Messianic commitment : hope and the Holocaust in Jurek Becker's Jakob der Lügner and Peter Weiss' Die Ermittlung / Renate Falk Cammin.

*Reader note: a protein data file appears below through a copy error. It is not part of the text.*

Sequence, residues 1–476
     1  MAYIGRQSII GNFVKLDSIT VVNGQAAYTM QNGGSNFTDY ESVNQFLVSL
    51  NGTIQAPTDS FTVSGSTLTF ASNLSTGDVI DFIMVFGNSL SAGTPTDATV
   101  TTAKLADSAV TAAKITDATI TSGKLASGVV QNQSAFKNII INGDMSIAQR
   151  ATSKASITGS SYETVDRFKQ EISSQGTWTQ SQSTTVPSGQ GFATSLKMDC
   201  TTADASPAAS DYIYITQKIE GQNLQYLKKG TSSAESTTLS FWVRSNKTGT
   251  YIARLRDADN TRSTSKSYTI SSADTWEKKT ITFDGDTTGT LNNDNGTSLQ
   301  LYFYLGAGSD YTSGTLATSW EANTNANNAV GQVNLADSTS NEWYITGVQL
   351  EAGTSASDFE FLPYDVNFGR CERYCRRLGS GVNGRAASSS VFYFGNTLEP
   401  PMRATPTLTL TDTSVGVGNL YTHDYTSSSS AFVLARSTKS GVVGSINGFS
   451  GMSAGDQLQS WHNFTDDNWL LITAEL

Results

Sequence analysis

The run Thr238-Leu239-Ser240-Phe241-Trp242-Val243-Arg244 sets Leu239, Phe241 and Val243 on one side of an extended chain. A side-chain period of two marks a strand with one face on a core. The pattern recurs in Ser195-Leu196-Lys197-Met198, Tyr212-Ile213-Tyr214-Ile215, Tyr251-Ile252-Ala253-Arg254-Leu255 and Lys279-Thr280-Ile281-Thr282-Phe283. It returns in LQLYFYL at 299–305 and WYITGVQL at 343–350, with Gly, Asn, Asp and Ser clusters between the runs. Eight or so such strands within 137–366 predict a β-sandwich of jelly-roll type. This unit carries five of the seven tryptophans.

How does hope figure in the literary representation of the Holocaust? In particular, how does Holocaust literature reconcile the dichotomy between the devalued notion of progress underlying the modern conception of hope and hope's insistent presence in the face of overwhelming despair? To raise the issue of hope appears inflammatory within the already contentious academic debate on the limits of Holocaust representation, yet this dissertation maintains that hope, though irrelevant within the context of the historical event, remains resilient for the production and consumption of its subsequent representation. Literary texts, as an integral part to the humanistic tradition, are compelled to negotiate the striking dissonance between the portrayal of the hope-impoverished world of the Shoah, this massive violation of humanistic ideals, and the notion of hope with its ensuing tendency toward redemption.This dissertation analyzes the engagement of hope in Jurek Becker's Jacob der Lügner and Peter Weiss' Die Ermittlung. Employing a method that is literary-critical and phenomenological, the research engages the philosophical and theoretical texts of Ernst Bloch, Gabriel Marcel, Walter Benjamin, Elie Wiesel, Laurence Langer, Joseph J. Godfrey, Jayne M. Waterworth and Tom Moylan, among others. Aesthetically, this essay argues that literary representation of past injustices and suffering of which the Holocaust is one of histories most egregious examples labors under the claim for messianic mediation between the traumatic past and the future. The insistent presence of hope in response to the experience of despair compels a tendentiously redemptive representation. Rhetorically, this essay argues that both Becker and Weiss' influential texts on the Holocaust deconstructed not only the respective self-serving, official historiographies pervasive in East and West Germany at the time of the works production but also the socially condoned practices of hope that arose from the respective forms of Vergangenheitsbewältigung. By reshaping historical memory, both texts implicitly offer alternative perspectives on how and what to hope for in regard to the future.
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